Beach Blanket Publishing
Helping people find their dream house has always come natural to Caroline. She’s able to set the stage perfectly so her clients can imagine spending the holidays in their new home, even though she doesn’t decorate her own. When her boss assigns her to oversee the company’s first Christmas Tour of Homes, Caroline thinks she may be in over her head.
Luke has always made sure his daughter, Ella, had all that she needed for Christmas, including a home bursting at the seams with tinsel and holly. Even if it meant working extra shifts patrolling the town. So when a house of their own is at the top of Ella’s Christmas list, he can’t help but set out to find one.
As Christmas fate brings Caroline and Luke together, they just might be exactly what the other needs to make it through the holidays. Until Luke unknowingly stumbles across Caroline’s past. A past that keeps Caroline from looking to a future with Luke.
Can Caroline and Luke find their way to happily ever after? Or is the only thing keeping them from finding it, each other?
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The gravel crunched under the tires as Caroline’s car made its way up the long drive. As she reached the crest of the tree-topped hill, the driveway made a sharp turn to the right, then opened up to a small grassy field with an old but clean wooden house sitting squarely in the center of it. She pulled her car up to the side of the house and turned off the ignition. As she opened the door and swept her scarf around her neck, the cold air reddened her cheeks. She shivered.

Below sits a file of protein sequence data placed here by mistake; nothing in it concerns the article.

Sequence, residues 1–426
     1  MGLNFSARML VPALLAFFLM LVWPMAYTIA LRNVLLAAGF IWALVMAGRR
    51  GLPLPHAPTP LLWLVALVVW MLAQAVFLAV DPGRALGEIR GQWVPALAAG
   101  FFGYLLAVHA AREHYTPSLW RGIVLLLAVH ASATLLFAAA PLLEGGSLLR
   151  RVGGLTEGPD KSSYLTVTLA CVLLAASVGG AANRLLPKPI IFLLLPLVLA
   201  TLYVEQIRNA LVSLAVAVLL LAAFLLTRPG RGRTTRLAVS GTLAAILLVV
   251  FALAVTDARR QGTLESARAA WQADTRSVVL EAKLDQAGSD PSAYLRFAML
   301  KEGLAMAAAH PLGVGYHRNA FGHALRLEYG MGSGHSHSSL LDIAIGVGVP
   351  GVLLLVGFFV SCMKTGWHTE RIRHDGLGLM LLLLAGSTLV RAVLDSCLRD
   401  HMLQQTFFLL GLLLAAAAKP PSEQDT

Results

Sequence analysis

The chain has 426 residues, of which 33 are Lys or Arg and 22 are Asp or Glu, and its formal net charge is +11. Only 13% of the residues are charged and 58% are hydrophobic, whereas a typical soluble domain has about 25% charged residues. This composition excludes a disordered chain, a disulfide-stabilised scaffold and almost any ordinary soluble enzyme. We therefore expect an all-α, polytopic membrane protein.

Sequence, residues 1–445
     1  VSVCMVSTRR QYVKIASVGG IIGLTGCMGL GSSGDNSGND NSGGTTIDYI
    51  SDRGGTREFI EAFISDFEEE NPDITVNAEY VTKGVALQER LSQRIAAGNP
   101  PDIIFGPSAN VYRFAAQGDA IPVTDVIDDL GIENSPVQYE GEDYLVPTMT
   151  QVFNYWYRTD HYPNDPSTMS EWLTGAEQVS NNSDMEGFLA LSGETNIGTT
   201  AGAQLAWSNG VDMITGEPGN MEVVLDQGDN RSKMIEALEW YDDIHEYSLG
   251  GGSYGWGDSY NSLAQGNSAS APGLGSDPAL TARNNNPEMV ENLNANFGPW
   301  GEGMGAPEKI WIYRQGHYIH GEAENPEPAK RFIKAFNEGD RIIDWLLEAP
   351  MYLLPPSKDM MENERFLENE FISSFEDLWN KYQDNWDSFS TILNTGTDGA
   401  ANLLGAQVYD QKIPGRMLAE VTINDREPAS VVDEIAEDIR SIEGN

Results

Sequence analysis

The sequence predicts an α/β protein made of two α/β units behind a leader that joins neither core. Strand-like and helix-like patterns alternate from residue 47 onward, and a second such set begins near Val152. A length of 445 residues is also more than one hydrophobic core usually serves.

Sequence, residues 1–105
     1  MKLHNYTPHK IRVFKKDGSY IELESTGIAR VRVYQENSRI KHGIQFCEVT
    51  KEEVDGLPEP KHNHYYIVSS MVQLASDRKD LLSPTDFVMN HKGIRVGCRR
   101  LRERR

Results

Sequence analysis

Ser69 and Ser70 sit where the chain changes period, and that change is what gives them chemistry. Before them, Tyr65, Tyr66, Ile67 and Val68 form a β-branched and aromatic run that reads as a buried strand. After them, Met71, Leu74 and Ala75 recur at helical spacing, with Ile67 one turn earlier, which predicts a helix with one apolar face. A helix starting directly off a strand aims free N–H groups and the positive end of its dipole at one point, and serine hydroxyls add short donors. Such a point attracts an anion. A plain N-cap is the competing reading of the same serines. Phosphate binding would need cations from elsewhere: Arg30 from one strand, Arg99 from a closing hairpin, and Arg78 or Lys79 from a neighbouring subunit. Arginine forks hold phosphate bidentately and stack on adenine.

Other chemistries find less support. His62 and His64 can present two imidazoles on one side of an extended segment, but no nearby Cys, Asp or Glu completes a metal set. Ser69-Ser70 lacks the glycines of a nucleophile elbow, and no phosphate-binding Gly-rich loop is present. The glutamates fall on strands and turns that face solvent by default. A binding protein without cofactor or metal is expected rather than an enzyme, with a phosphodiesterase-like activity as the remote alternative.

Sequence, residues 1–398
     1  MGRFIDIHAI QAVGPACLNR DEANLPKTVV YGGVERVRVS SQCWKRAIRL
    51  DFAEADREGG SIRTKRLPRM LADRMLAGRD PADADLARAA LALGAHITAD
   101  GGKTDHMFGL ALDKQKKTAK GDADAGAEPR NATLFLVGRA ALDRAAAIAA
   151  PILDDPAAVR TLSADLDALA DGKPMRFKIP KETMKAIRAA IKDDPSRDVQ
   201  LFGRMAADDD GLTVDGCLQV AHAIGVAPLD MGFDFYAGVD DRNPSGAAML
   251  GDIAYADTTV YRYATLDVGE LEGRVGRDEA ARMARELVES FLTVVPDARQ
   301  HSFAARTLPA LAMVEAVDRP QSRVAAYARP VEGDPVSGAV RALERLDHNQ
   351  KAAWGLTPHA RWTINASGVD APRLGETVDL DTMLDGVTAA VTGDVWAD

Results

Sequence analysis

The small porch that led to the front door was bare but for a pile of firewood. Caroline shook her head. Curb appeal was always important when trying to sell a home, even if the curb was a mile from the front door. First impressions count, and this curb was lacking appeal. She turned the key in the lock, and as she pushed the door open, she was hit with a gush of warm air filled with the scents of gingerbread and pine cones. She smiled. This was more like it. She made her way through the house, smoothing the bedspreads and tidying pillows on chairs.
As she straightened the table setting, there was a quiet knock at the front door. She ran her hands down her sides and put her friendliest smile on, then headed for the door.
“Come in, Dave and Sandra,” she said as she swung open the door. Her clients entered. “Let me take your coats.” She hung them on the hooks just inside the foyer, hoping it would help them envision living there.
“Caroline.” Sandra’s hands flew to her mouth. “It’s adorable.”
“Wait until you see the kitchen,” she added, then held her hand out to the side, encouraging them to explore. Caroline followed them through the kitchen, emphasizing the retro appliances, and out the back door to a large patio overlooking an expansive yard with a peaceful brook running along the side.
When they re-entered the house and passed through the living room, Sandra cuddled her growing belly in her hands and stopped, staring at the quaint space. “The piano would fit perfectly right there.” She pointed to the wall on the right.
“A Christmas tree would be really lovely over there.” Caroline pointed to a corner between the fireplace and a wall with a large, picturesque window.
Dave stepped in closer to Sandra and put an arm around her. “I can see us singing carols on Christmas Eve.”
She leaned in and whispered something back to Dave.